NOLA is US
There are a lot of t shirts and bumper stickers in NOLA these days.
They mostly make fun of FEMA and Bush and Nagin and Blanco.
But perhaps the most powerful sign of all is the spray painted X.
You see it on so many structures.
In the area on the top, is the date the structure was examined.
To the right of that is whether or not it was entered.
On the left, are the initials of the search team.
The number on the bottom, is how many bodies were found.
We rode in a yellow orange lincoln cab with George to the lower 9th.
At the old funky antique drawbridge over industrial canal,
we found ourselves in an unlikely traffic jam.
On the other side of the bridge, at the boundary of the ninth,
a large group had gathered in a solemn ceremony
and monument christening.
The traffic jam gave us the time to view the scene below
from the top of the bridge.
Most of the lower ninth is now gone.
In the higher areas, closer to the River,
you can still see the extent of the destruction.
I was impressed with the cars.
They were not just banged up, they looked like
they had been in multiple high speed collisions.
One SUV was upside down and crushed under a house
that had somehow floated on top of it.
George took us by Fats Dominoes.
It was still there, but everything in the area had been submerged.
One year after this great loss of life and culture and soul,
I couldn't help but be amazed with how they have cleaned up.
With their party hardy history,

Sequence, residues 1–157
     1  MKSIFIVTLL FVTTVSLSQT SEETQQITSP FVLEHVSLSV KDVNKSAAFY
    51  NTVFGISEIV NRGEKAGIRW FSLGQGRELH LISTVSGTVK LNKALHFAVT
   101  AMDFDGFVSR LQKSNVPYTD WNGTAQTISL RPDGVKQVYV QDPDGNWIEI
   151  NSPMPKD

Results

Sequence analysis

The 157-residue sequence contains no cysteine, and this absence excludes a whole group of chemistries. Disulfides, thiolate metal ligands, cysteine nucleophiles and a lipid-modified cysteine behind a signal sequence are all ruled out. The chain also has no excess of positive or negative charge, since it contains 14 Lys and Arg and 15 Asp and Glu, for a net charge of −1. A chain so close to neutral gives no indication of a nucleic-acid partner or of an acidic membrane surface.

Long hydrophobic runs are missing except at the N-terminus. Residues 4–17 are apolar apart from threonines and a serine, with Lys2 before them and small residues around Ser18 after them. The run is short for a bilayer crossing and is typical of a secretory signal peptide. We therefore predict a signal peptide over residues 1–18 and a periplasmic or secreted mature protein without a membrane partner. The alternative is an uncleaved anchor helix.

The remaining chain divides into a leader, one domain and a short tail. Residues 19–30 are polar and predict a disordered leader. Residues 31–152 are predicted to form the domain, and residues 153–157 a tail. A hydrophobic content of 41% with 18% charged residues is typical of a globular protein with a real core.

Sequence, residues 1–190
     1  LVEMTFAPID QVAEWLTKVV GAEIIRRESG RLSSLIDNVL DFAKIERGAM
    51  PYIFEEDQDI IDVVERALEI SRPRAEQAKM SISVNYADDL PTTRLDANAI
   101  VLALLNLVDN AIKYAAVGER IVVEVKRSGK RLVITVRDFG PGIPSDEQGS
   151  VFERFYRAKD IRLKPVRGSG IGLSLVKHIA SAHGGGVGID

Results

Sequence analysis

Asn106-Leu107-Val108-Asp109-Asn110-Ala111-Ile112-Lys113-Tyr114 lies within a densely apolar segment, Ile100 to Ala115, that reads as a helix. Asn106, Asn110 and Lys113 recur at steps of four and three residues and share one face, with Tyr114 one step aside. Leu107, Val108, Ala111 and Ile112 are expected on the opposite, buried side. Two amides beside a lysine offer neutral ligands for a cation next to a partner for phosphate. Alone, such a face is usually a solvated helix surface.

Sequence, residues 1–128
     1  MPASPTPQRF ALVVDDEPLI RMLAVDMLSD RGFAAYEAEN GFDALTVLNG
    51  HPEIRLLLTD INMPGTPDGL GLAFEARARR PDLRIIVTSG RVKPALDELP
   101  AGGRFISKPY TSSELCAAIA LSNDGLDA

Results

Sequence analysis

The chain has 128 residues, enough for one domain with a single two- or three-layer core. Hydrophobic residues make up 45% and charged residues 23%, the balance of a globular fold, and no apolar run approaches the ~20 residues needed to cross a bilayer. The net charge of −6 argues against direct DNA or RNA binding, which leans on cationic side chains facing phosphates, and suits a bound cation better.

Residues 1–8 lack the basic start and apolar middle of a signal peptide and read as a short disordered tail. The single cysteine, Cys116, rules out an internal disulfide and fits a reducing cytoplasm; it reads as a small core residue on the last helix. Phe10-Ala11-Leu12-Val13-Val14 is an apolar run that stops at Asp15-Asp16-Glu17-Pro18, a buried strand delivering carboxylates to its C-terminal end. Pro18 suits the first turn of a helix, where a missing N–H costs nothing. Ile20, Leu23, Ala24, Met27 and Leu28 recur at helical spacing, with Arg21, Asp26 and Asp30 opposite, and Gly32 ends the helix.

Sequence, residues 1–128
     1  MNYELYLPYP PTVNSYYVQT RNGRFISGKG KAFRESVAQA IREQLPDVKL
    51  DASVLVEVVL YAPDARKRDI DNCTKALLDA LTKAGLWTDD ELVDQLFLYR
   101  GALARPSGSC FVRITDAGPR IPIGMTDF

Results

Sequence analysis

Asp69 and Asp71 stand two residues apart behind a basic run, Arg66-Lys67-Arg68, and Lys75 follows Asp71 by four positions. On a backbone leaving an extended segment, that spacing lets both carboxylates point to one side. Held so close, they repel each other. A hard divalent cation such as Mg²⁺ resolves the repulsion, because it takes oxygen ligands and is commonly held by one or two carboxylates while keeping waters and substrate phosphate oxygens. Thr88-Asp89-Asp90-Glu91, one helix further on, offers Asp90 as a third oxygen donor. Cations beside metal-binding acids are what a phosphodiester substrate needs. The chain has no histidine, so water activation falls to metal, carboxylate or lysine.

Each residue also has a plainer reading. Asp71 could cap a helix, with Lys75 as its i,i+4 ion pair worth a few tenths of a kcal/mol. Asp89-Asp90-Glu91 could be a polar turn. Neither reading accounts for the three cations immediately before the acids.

I guess New Orleaneans know more than most about cleaning things up.
And it shows.
Those areas that were totally submerged
are slowly sprouting out of the blackened love canal muck.
Given that the entire city was dark and evacuated until Christmas,
the amount of progress in the last eight months is a testament
to the strength and tenacity of the bayou breed.
Here are some of the numbers from Environmental Defense
1,836: Estimated death toll from Katrina
1 Million: Number of people displaced by the storm.
80: Percent of New Orleans that was flooded, some places under 20 feet
$500 Million: Amount needed annually for 30 years to restore coastal
marshes and wetlands to fully protect New Orleans in the future.
$80 Billion: Amount of federal spending designated to rebuild New
When we returned to the Airport, the lack of "normal" became evident.
Louis Armstrong International Airport is a tomb.
There are precious few flights in,
and a precious few flights out.
While we were walking in the Quarter,
We saw a T Shirt that said,
Make Levees, not War.
As Climate Change rears its unstoppable head
above the horizon of our consciousness,
the truth of that truth,
Will become increasingly clear.
And we will know that in that truth.
NOLA is us.